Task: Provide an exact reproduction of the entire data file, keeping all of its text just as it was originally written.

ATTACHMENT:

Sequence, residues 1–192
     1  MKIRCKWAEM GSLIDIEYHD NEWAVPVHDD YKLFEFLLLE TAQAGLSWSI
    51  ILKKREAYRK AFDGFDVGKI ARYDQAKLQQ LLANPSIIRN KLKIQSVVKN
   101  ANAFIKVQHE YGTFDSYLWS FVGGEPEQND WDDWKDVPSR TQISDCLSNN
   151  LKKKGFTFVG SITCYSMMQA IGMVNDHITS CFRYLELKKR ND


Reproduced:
Sequence, residues 1–192
     1  MKIRCKWAEM GSLIDIEYHD NEWAVPVHDD YKLFEFLLLE TAQAGLSWSI
    51  ILKKREAYRK AFDGFDVGKI ARYDQAKLQQ LLANPSIIRN KLKIQSVVKN
   101  ANAFIKVQHE YGTFDSYLWS FVGGEPEQND WDDWKDVPSR TQISDCLSNN
   151  LKKKGFTFVG SITCYSMMQA IGMVNDHITS CFRYLELKKR ND